Posted on Thursday, November 14 2013

Many people have asked about a vital District Court case that we just won which has now set a precedent and will allow landlords of properties with 6 or more tenants on individual leases to once again obtain fixed term leases, without having to worry about the tenant being able to leave after giving 48 hours notice. It was an interesting experience as many people believed it was a losing cause and a waste of time and money, saying we should accept the change and move on, but I think after reading this you’ll struggle to see how landlords ended up in this ridiculous situation in the first place.

In 2010 the Residential Tenancies Act was amended to include Boarding Houses.

66BInterpretation for this Part
• In this Part, unless the context otherwise requires,—

boarding house means residential premises—
• “(a)containing 1 or more boarding rooms along with facilities for communal use by the tenants of the boarding house; and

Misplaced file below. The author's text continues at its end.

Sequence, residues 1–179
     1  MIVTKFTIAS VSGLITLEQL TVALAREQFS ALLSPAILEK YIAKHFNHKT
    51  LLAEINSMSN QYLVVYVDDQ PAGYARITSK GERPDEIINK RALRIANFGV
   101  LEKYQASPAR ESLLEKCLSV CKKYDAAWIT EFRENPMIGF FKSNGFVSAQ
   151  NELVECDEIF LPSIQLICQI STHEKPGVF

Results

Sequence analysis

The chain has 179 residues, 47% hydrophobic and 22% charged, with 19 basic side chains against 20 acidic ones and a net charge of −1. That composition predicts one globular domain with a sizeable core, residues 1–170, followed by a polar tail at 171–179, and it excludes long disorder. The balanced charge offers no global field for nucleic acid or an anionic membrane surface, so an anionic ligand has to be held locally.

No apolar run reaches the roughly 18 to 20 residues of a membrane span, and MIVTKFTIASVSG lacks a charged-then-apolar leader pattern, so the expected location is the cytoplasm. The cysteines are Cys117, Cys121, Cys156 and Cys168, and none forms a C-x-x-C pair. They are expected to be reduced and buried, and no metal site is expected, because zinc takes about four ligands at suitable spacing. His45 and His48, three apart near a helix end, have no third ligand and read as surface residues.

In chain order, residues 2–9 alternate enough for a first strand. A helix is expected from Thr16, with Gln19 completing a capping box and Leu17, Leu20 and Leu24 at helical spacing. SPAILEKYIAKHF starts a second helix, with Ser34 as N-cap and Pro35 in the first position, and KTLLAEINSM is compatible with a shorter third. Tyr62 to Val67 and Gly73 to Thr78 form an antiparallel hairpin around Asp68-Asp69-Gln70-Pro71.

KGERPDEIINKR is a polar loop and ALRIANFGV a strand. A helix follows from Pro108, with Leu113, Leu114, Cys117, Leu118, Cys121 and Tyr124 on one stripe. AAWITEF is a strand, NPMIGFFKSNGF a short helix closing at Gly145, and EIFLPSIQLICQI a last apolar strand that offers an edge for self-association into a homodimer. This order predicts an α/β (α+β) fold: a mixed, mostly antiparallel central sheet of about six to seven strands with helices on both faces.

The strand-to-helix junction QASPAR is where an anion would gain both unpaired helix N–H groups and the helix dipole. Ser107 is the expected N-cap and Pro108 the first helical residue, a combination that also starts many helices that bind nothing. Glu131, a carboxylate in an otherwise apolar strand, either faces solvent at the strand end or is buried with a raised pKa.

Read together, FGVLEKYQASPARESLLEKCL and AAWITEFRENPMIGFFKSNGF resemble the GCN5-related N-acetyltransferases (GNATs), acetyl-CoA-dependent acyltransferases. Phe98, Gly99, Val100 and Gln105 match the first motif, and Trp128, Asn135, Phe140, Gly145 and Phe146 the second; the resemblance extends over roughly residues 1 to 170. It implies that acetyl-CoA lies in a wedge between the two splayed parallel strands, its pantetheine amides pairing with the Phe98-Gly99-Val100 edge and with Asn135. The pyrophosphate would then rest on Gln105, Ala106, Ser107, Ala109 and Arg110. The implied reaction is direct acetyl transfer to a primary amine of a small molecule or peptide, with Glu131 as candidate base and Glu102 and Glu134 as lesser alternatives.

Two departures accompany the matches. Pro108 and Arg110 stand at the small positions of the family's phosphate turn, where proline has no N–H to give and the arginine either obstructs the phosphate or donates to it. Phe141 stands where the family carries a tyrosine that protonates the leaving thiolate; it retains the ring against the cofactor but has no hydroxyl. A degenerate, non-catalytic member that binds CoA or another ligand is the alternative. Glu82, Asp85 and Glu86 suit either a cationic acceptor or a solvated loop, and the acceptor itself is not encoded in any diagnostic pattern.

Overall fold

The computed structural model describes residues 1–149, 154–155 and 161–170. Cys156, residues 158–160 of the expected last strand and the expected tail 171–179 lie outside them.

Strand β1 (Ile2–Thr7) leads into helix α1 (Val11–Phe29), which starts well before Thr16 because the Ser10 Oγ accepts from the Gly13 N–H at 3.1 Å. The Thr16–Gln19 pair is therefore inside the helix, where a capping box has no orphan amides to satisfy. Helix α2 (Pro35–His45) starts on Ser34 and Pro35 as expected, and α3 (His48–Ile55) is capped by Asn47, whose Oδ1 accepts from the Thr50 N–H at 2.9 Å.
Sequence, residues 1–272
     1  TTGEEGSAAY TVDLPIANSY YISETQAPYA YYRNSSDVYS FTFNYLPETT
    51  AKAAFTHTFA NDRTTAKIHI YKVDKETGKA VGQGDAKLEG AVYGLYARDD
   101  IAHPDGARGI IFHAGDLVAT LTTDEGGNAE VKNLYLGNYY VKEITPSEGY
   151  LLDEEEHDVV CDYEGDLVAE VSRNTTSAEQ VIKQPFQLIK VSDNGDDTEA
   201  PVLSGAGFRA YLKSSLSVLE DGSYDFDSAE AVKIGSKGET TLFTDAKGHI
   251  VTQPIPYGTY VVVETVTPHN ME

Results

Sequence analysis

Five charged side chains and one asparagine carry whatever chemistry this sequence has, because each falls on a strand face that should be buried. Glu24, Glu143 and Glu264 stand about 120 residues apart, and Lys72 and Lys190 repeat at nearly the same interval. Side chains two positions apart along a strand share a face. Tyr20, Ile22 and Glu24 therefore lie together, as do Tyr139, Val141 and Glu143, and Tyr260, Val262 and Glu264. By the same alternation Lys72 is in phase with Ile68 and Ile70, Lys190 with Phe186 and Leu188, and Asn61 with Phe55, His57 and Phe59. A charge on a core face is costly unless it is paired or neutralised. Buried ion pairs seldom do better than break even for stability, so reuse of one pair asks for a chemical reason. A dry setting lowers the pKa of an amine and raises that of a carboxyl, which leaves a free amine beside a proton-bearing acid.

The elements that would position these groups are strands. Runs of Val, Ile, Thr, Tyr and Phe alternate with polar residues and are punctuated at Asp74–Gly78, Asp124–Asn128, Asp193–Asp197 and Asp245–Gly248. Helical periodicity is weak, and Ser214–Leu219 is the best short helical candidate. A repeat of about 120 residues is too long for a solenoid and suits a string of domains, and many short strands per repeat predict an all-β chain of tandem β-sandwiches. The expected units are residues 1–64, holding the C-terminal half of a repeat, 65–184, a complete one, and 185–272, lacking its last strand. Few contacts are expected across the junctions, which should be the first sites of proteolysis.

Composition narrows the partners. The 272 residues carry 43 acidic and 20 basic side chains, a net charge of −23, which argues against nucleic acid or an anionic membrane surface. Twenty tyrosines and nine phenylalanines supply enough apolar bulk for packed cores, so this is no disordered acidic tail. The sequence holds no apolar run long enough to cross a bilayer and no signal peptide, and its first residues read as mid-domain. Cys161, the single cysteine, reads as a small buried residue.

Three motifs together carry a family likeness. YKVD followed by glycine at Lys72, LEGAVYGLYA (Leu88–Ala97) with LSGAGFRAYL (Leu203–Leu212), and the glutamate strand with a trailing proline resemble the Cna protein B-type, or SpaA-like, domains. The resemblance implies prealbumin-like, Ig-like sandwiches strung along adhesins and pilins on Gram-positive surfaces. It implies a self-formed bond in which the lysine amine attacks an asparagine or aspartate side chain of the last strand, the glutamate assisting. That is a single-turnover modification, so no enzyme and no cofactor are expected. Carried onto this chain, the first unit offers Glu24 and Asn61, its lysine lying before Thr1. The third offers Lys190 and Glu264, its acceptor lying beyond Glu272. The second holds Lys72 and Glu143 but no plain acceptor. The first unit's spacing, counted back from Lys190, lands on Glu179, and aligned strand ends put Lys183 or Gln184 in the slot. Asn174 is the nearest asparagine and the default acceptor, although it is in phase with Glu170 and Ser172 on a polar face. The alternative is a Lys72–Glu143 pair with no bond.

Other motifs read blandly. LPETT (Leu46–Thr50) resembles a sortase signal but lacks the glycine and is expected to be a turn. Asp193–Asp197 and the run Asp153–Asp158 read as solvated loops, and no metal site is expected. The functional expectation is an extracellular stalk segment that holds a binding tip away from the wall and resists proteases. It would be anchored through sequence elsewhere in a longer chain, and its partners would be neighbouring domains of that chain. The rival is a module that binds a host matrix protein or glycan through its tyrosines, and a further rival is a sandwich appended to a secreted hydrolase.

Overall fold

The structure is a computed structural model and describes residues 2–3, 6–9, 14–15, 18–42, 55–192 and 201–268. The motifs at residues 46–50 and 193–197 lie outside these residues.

• “(b)occupied, or intended by the landlord to be occupied, by at least 6 tenants at any one time
“boarding house tenancy means a residential tenancy in a boarding house—
• “(a)that is intended to, or that does in fact, last for 28 days or more; and
• “(b)under which the tenant is granted exclusive rights to occupy particular sleeping quarters in the boarding house, and has the right to the shared use of the facilities of the boarding house

66UTermination of tenancy by landlord
“(1)The landlord of a boarding house may terminate a boarding house tenancy—
“(a)immediately, if the tenant has—
“(i)caused, or threatened to cause, serious damage to the premises; or
“(ii)endangered, or threatened to endanger, people or property; or
“(iii)caused, or threatened to cause, serious disruption to other tenants; or
“(b)on 48 hours’ notice, if—
“(i)the landlord has, by written notice to the tenant, required the tenant to pay any rent in arrears within a stated period of not less than 10 days, commencing on the day the notice is given, and the tenant fails to pay the rent in arrears within the stated period; or
“(ii)the tenant is using the premises for an illegal purpose; or